The Challenge of Database Selection in Modern Backend Development

The Challenge of Database Selection in Modern Backend Development

Shedrack, DevRel

8 Apr 2022

Backend development is intricate, and that’s only getting more noticeable as the digital landscape evolves. One of the most pivotal elements in backend development is the choice of a database. In the early days of web development, the backend primarily revolved around a few select databases. Fast forward to today, and the backend ecosystem has a lot of database options, each vying for the attention of developers.

Take, for instance, the relational stalwart, MySQL. For years, it has been a cornerstone in the world of web applications, lauded for its reliability and open-source nature. Alongside it, PostgreSQL emerged, offering a more extensible approach and often being the go-to for those looking for powerful querying capabilities. Then there's Microsoft's SQL Server, integrating seamlessly with the broader Microsoft ecosystem, making it a favourite among businesses deeply embedded in that realm.

But as the digital landscape evolved, so did the needs of developers and businesses. Enter the NoSQL movement, a testament to the changing tides. MongoDB became the poster child of this revolution, with its document-oriented approach offering flexibility that rigid relational schemas often couldn't. It catered to developers building applications with rapidly evolving data structures. Simultaneously, Cassandra carved its niche, inspired by Google's Bigtable, and became the darling of those looking for a solution that scaled seamlessly across multiple nodes.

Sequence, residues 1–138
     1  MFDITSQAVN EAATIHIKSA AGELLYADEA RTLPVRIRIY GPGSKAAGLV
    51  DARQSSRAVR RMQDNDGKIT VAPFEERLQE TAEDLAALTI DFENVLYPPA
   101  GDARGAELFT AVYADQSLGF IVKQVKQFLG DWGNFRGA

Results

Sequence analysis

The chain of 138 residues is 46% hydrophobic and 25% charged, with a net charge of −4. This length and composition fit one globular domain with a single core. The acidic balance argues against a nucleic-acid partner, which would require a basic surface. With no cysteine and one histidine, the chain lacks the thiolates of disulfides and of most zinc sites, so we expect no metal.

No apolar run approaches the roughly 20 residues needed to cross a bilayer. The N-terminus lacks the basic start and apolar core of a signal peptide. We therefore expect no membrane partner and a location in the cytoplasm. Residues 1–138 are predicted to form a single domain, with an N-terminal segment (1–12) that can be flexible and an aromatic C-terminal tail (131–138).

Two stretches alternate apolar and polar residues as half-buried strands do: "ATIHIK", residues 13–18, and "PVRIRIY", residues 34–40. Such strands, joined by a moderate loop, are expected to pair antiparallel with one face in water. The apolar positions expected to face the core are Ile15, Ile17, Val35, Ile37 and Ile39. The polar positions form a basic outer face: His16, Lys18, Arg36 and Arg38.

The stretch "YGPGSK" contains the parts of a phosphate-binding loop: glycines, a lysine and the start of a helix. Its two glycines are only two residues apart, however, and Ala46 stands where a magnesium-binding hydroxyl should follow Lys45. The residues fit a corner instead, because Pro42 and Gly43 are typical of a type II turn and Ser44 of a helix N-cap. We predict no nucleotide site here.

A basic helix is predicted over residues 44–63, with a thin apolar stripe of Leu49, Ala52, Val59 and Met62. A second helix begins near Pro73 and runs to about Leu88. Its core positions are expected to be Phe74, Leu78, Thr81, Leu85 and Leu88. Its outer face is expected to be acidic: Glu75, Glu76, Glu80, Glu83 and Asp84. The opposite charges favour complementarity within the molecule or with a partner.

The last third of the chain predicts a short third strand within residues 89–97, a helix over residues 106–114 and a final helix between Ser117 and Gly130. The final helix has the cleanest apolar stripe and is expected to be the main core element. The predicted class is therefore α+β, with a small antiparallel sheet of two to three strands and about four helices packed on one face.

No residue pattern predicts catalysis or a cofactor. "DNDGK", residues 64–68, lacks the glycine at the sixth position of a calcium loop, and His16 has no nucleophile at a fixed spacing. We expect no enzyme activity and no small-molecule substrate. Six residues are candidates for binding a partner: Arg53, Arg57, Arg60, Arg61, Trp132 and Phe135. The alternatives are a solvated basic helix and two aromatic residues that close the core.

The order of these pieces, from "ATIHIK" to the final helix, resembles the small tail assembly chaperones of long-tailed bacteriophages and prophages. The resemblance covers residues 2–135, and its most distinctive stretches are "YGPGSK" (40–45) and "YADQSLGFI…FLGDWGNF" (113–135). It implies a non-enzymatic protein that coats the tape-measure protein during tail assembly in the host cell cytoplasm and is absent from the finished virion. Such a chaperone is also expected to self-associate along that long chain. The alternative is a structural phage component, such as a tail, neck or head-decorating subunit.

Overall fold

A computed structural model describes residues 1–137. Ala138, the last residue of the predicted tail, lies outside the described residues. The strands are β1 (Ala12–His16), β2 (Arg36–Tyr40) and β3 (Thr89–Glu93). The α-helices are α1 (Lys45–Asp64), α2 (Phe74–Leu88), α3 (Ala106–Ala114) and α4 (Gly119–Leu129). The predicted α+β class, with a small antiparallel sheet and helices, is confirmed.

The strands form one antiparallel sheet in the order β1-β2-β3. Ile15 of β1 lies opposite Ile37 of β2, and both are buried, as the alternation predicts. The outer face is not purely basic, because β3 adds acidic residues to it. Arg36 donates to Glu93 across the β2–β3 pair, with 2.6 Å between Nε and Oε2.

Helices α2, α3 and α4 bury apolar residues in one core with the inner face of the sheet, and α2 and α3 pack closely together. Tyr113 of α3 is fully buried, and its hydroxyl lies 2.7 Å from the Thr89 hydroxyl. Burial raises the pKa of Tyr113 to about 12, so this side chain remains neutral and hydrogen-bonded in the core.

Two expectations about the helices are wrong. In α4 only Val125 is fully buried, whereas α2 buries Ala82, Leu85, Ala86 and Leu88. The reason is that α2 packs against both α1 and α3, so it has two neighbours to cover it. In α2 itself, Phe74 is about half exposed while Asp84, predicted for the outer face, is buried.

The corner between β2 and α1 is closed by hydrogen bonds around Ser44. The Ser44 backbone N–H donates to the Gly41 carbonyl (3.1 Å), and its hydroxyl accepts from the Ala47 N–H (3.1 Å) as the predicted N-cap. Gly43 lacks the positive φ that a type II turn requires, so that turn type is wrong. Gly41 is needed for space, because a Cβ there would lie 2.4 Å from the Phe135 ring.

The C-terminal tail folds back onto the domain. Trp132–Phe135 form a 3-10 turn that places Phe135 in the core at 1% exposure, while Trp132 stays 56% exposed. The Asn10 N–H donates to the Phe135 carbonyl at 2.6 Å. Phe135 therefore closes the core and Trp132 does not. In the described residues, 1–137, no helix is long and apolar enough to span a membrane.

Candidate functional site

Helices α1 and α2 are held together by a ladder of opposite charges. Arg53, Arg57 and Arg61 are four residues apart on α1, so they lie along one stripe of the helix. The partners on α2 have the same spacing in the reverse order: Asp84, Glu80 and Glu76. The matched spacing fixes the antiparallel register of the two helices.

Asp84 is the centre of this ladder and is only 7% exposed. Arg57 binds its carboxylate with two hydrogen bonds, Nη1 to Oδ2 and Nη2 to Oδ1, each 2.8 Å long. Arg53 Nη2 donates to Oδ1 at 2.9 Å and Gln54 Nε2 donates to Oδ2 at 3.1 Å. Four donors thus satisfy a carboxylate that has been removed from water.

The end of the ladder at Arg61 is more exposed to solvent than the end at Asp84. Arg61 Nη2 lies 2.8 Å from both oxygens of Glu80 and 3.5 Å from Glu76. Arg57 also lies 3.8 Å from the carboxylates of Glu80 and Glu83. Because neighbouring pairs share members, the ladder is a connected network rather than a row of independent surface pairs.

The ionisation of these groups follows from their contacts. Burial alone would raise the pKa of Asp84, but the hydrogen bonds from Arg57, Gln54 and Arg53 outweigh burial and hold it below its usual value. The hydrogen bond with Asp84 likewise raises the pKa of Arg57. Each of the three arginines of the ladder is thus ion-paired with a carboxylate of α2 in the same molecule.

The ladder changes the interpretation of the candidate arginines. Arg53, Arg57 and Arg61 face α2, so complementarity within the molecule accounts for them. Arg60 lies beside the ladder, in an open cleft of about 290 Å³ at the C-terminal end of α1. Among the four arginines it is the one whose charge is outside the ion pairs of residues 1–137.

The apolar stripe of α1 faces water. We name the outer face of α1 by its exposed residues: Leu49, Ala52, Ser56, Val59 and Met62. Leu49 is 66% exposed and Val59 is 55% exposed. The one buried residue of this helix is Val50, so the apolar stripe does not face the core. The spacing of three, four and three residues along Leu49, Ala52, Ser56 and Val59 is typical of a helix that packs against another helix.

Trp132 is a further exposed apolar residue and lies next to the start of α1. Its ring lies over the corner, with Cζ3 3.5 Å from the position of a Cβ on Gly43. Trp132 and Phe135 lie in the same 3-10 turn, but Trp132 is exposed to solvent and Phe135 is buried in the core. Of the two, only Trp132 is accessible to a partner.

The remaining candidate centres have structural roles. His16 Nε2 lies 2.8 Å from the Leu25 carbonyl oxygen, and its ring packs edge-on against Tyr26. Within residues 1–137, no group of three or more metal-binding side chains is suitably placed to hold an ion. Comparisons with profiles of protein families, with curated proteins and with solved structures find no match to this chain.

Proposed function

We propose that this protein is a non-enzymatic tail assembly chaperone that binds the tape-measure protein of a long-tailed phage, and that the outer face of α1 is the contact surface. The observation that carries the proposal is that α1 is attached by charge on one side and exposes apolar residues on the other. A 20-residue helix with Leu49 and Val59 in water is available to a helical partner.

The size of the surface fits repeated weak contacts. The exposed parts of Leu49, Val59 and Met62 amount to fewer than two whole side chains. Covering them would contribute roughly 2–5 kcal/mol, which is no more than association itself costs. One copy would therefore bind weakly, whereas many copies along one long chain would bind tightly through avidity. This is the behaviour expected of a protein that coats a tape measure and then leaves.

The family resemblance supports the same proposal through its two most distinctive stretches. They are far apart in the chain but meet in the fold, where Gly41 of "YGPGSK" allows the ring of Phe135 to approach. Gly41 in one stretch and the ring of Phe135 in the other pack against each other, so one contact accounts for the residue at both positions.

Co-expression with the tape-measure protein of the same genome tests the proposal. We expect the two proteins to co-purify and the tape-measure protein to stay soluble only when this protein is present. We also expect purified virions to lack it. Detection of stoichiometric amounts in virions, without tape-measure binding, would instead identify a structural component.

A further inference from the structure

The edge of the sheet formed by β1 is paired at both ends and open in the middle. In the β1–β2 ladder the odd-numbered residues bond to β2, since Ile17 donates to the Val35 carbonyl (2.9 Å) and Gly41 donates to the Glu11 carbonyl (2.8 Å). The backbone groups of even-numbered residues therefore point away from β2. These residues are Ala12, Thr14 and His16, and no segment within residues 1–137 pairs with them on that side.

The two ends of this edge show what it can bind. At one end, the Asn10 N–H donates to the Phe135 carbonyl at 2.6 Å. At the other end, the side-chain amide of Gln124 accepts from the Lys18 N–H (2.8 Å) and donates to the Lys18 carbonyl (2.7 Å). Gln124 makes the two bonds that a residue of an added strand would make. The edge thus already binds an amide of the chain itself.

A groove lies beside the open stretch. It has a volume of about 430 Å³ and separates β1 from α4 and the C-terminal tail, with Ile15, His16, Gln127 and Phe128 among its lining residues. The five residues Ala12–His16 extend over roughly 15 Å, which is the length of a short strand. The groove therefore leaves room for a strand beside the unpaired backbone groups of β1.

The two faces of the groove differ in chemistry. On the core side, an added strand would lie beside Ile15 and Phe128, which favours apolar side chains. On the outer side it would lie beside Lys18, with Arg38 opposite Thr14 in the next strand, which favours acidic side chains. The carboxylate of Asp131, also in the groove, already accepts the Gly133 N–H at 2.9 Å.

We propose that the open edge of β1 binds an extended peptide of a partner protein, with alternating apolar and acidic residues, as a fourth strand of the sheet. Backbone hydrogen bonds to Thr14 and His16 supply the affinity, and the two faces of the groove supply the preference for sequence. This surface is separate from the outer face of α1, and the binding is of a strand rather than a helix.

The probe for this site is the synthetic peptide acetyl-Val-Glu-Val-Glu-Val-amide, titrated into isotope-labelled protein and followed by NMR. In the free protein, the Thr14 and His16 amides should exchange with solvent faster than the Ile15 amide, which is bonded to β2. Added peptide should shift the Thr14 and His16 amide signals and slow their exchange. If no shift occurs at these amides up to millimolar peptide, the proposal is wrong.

However, the innovation didn't stop there. As the importance of interconnected data became evident, graph databases like Neo4j emerged. They allowed developers to traverse complex relationships in data, a feat challenging for traditional databases. Think of social networks, where understanding the depth and breadth of connections can offer invaluable insights.

Yet, the world of databases wasn't just expanding horizontally across different types but also vertically within specific niches. Time-series databases like InfluxDB gained traction, especially in an age where chronological data from sources like IoT devices began pouring in at unprecedented rates. These databases, optimised for time-stamped data, provided tools for developers grappling with real-time analytics challenges.

Then there's the realm of NewSQL databases, like Google Spanner and CockroachDB. These systems aimed to bring together the structured world of SQL with the scalability and flexibility of NoSQL. They promised developers the best of both worlds, catering to those who wanted the familiarity of SQL without sacrificing the benefits of modern database architectures.

In essence, the backend ecosystem today is a vibrant tapestry of options, each database bringing its unique colors to the canvas. For developers, this means a world of opportunities but also the challenge of navigating this intricate maze to find the perfect fit for their applications.

The Problems of Choice

The backend of any application is its unsung hero. It quietly works in the background, ensuring that the frontend has all the resources it needs. The choice of a database, therefore, significantly impacts the overall efficiency and effectiveness of the backend. When we delve deeper into backend processes, we understand that each database, be it relational like MySQL or NoSQL like MongoDB, is designed with specific strengths and weaknesses. The challenge for backend developers lies in discerning which of these databases aligns perfectly with their application's requirements.